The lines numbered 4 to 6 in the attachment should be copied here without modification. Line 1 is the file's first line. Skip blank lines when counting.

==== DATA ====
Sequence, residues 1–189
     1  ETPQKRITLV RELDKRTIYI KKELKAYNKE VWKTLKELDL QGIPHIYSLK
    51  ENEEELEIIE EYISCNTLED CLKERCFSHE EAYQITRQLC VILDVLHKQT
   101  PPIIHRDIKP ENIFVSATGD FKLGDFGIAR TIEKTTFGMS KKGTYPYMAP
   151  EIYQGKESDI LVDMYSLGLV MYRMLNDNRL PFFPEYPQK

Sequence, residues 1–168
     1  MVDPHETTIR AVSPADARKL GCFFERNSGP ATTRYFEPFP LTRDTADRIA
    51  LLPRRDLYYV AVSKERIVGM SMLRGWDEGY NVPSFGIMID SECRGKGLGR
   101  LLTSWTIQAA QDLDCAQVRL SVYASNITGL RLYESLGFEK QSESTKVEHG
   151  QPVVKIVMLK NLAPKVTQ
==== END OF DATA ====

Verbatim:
   101  PPIIHRDIKP ENIFVSATGD FKLGDFGIAR TIEKTTFGMS KKGTYPYMAP
   151  EIYQGKESDI LVDMYSLGLV MYRMLNDNRL PFFPEYPQK

Sequence, residues 1–168